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From the Editor's Desk
Drive-By Mentoring

In editing this month’s feature by Bruce Furino about the Internet Science and Technology Fair, I reflected on my experiences of being mentored as a young person. Furino describes the continual need this Internet-based fair has for “digital mentors,” professionals in science and technology willing to give a few hours of sage advice via e-mail to K-12 students who are preparing projects for the annual competition. It’s hard to read this article and not think back on the milestone experiences of one’s own education, when anything from a well-placed word of encouragement to a long-term mentoring relationship made all the difference to one’s professional trajectory.

When I first considered it, I couldn’t think of anyone who guided me to my career path as editor, but now I see I was mistaken. We tend to think of mentoring relationships as long-term and one-on-one, and that is sometimes the case. But while few of us have memories of such idealized relationships, who among us doesn’t remember the encouraging comments that shaped how we saw ourselves? Thinking about who shaped my self-image brought a flood of positive memories, from my older brother giving me a good portion of his personal library when he saw my adolescent fascination with the written word to the professor who, in my indecisive freshman year of college, told me offhandedly that I ought to major in English to hone my nascent critical reading, thinking and writing skills. We might call these instances “drive-by mentoring,” and the fact that I still remember these moments with warmth — that I remember them at all — tells me they can be every bit as influential to young people as longer-term investments.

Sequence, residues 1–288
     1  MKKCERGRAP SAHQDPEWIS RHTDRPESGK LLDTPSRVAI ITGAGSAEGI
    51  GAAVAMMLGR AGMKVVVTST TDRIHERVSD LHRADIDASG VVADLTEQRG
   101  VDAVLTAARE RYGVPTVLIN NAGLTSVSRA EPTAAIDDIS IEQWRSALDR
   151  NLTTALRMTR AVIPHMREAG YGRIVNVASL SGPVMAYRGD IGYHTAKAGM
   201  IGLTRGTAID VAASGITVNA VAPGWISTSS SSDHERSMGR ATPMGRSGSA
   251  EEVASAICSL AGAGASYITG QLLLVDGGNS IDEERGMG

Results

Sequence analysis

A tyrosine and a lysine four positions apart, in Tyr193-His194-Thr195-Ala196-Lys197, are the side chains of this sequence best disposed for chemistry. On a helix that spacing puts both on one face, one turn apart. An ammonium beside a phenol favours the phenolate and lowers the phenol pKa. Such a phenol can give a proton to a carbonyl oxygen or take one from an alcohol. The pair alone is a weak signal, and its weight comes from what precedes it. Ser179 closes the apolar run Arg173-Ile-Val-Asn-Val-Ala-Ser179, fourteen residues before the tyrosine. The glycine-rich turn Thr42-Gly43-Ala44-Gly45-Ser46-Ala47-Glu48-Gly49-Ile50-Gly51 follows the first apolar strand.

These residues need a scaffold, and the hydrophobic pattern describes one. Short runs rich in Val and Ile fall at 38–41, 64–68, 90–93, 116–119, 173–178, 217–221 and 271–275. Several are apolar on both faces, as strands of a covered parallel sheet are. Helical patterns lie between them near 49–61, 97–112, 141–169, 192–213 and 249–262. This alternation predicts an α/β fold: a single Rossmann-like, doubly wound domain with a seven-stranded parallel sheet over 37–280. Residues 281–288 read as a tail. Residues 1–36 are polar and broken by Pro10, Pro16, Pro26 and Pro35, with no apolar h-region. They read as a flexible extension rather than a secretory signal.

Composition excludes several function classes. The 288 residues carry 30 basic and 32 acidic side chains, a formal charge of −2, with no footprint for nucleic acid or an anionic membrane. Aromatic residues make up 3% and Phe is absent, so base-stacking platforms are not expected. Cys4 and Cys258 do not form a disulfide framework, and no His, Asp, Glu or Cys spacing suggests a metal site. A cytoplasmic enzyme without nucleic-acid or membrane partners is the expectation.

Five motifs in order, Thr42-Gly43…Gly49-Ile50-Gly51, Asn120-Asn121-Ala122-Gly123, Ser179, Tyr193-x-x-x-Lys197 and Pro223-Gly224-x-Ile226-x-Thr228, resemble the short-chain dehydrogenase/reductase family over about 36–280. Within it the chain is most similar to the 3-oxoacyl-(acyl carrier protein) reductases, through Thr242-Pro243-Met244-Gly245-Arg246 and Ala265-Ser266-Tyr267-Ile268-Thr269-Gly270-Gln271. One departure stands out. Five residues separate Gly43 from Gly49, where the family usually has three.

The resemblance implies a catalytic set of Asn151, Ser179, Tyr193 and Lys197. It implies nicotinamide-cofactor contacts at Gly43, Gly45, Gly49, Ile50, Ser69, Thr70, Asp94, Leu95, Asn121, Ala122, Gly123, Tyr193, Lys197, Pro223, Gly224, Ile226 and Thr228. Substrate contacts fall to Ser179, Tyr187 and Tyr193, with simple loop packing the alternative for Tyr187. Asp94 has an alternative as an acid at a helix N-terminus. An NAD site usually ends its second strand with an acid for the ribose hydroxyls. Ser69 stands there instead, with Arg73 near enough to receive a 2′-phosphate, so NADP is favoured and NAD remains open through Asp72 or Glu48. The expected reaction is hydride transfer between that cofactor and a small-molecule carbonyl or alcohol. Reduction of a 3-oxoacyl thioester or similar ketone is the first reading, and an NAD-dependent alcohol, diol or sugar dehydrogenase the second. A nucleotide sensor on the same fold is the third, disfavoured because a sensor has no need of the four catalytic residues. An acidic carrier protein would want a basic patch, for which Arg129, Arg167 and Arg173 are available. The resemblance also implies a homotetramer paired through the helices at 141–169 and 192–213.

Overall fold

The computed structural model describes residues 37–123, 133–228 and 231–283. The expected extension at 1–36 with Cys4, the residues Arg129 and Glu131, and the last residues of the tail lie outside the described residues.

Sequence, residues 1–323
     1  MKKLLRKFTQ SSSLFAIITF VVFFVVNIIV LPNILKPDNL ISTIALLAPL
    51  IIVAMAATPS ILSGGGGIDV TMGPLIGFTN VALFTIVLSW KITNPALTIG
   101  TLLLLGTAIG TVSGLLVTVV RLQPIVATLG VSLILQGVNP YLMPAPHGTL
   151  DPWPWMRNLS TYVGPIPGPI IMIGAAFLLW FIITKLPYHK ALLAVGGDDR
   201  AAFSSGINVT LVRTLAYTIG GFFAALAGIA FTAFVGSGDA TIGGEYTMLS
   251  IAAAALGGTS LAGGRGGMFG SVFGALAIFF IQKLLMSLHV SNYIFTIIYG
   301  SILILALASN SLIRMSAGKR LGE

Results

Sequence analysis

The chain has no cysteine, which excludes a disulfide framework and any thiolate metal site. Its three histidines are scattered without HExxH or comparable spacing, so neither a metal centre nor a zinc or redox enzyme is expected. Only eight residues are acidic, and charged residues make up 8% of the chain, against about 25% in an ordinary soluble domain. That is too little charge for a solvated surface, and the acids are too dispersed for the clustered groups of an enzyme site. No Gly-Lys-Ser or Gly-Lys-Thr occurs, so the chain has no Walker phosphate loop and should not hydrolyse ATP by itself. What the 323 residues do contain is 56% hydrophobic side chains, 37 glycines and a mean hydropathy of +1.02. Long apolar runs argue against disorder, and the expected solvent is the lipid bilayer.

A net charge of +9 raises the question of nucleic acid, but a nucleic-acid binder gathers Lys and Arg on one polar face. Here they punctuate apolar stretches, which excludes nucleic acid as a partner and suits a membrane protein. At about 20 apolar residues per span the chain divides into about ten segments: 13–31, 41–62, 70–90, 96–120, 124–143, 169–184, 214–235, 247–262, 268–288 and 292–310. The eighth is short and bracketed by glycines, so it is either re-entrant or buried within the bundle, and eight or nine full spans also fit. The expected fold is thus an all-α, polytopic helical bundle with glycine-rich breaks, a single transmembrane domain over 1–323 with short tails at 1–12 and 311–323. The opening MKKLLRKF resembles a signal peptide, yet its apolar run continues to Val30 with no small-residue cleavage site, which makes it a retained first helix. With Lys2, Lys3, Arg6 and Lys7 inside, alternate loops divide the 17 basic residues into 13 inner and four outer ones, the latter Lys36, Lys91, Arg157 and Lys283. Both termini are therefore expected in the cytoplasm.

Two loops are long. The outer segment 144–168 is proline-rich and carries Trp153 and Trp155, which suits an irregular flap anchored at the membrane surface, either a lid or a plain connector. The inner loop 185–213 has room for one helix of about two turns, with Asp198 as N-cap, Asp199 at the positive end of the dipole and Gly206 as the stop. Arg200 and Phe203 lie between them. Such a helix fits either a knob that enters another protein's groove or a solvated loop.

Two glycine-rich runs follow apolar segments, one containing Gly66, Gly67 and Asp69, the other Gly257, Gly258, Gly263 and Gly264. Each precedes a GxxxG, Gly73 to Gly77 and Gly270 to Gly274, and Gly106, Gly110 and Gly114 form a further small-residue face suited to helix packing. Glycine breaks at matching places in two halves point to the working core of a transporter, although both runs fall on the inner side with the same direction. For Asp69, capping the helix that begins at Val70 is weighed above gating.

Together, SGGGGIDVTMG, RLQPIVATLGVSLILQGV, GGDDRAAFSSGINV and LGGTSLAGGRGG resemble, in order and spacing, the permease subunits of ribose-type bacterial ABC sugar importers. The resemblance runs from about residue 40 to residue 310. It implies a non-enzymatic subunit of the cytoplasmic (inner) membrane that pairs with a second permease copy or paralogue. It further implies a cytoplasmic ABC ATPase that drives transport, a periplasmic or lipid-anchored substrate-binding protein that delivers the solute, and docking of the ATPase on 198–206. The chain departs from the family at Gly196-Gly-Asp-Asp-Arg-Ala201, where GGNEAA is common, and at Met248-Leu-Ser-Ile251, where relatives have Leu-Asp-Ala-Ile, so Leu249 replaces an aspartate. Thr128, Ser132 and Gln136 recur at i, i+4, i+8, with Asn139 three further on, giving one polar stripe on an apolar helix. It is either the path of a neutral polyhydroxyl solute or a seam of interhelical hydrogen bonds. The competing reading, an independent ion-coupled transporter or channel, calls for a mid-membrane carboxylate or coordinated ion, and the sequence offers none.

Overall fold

The Internet makes drive-by mentoring possible on a grand scale. And we can be grateful for this, because today’s students need to be shown by successful professionals that the mental exercise of a science and technology fair isn’t just about getting extra credit, but about learning very specific reasoning skills that can take them far in the professional world.

At a time when ASTM International has decided to prioritize teaching college-level students about standardization through its new Student Membership category, we do well to look at what opportunities we have to get elementary and high-school students into the very college programs that will produce scientists, technical professionals and, by extension, standards developers. Thousands of young students are waiting for the inspiration to do just that.

Maryann Gorman
Editor in Chief

Copyright 2003, ASTM